Skip to content

Living with the 'rents as adults: B.C. researcher studies changed family dynamics

"If they think that they are not on the same page with their parents, how do they react to their parents and how their parents react to them?" asks Umay Kader.
According to the 2021 Statistics Canada census, 35.1 per cent of young adults between 20 and 34 are living with at least one of their parents.

For her research project, Umay Kader, a PhD candidate in sociology at the University of British Columbia (UBC) wanted to explore how millennials — between 25 and 34 years old — live with their parents. 

Kader is setting out to interview 50 millennials who live with at least one parent in Metro Vancouver. As of Dec. 6, the UBC researcher says she has conducted five interviews, with many more scheduled throughout the month.

"The 'why' question has been explored in the literature before. We know a lot of push and pull factors from the previous literature, which is so valuable. Like finances, cultural values, parental expectations, personal decisions around finances and other emotional and social support mechanisms," says Kader.

"We know some of the factors that leads to this phenomenon, but we don't necessarily know how millennials from 25 to 34 navigate this process."

According to the 2021 Statistics Canada census, 35.1 per cent of young adults between 20 and 34 are living with at least one of their parents. Research from PEW, conducted during the pandemic in the United States, found that half of people between 18 and 34 live with their parents.

Cultural factors in young adults living with parents was one motivation for Kader to pursue this area of research. In North America, she points out, there are preconceived ideas around when a child should leave the parental home that differ to other cultures. 

"We know that some cultures expect their children to be home until they get married. Or even after they get married. Yes, there are expectations, but what are my peers' expectations? How do they initiate their own agencies and decision-making and choices?" explains Kader.

"What I'm trying to understand is that we know that there are lots of different cultural expectations, whether we have been socialized into those expectations," she tells Glacier Media.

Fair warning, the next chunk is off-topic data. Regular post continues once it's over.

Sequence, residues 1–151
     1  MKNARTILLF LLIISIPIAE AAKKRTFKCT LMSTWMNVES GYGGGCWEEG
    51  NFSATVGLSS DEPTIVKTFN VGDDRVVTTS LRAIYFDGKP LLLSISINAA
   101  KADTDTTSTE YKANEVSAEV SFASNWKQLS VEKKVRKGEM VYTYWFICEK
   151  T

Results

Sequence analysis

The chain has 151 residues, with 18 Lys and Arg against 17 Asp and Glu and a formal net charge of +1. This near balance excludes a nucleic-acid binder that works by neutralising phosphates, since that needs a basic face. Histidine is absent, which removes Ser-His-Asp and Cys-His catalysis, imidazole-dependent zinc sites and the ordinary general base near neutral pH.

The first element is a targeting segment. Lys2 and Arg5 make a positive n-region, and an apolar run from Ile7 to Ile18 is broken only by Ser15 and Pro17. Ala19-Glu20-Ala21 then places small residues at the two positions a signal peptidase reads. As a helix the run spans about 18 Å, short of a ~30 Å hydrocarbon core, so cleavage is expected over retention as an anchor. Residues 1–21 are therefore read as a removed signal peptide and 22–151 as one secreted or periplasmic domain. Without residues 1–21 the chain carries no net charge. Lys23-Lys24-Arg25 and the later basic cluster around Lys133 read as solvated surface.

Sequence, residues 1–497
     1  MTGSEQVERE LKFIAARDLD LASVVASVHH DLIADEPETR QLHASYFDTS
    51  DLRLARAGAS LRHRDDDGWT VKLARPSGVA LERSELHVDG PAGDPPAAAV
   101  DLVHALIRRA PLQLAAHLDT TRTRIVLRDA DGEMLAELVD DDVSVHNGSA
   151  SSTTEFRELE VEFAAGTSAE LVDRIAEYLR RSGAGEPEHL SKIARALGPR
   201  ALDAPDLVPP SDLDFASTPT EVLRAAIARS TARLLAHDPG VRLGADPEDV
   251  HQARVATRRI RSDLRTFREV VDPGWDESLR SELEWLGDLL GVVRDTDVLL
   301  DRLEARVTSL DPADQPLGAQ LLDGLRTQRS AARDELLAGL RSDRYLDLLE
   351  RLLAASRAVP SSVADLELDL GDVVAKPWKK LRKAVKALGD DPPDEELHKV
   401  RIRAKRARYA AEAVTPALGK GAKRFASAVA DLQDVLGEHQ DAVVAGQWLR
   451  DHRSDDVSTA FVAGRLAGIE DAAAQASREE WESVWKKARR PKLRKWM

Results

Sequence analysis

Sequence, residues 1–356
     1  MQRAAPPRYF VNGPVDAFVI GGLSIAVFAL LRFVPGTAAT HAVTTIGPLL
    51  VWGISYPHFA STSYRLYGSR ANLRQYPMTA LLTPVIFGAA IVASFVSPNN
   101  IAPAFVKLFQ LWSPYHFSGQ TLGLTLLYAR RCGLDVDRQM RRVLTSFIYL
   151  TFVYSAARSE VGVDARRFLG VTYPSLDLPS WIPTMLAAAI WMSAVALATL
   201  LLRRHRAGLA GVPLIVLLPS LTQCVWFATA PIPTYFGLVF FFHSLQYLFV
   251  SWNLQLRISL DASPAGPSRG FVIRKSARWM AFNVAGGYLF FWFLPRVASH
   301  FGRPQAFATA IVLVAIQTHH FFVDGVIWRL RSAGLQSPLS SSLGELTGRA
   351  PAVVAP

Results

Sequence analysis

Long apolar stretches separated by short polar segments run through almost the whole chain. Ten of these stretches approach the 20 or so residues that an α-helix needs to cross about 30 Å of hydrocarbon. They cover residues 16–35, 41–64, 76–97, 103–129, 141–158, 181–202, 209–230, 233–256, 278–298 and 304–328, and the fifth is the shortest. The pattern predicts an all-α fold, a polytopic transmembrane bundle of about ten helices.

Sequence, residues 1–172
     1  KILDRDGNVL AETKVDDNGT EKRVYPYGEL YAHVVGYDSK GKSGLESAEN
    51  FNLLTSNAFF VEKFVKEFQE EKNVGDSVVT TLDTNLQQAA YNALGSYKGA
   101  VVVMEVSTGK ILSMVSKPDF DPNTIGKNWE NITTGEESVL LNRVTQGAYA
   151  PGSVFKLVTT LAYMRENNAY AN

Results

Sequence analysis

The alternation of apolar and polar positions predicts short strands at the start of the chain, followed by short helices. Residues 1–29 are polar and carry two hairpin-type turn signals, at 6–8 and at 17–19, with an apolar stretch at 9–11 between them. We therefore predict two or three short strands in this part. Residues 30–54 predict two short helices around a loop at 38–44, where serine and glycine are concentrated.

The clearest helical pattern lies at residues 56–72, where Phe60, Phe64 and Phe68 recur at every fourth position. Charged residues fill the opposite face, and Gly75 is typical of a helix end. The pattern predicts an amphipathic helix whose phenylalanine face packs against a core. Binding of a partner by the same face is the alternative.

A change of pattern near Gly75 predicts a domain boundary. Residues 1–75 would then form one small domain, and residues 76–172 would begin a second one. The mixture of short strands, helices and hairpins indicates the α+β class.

The UBC researcher also says that adult children and parents have a different dynamic than when they were young kids. Some of Kader's questions include boundary setting, like the way adult children negotiate the shared space when they want to invite friends, romantic, or sexual partners over; or following house rules and ensuring chores are completed.

"How do we communicate with our parents? How do we actually share the same living space with other adults... when one of them, you know, invite their friends over? Or romantic or sexual partners over?"

Whatever the research findings show, Kader hopes her work will encourage North American society to have a wider understanding of family dynamics that aren't limited to one cultural perspective.

"I'm really hoping that whatever living situation or arrangement people have in their lives, that we (as a society) can be more accepting of different family formations, of different life choices," she says. "Hopefully, [we will] be able to have more open communication and dialogue on how things should be or ought to be because things like family relationships, interpersonal relationships, and life transitions do not work like that."

Kader encourages anyone between 25 and 34 years old, who's living with at least one parent in Metro Vancouver and is interested in participating in the study, to reach out to her.

push icon
Be the first to read breaking stories. Enable push notifications on your device. Disable anytime.
No thanks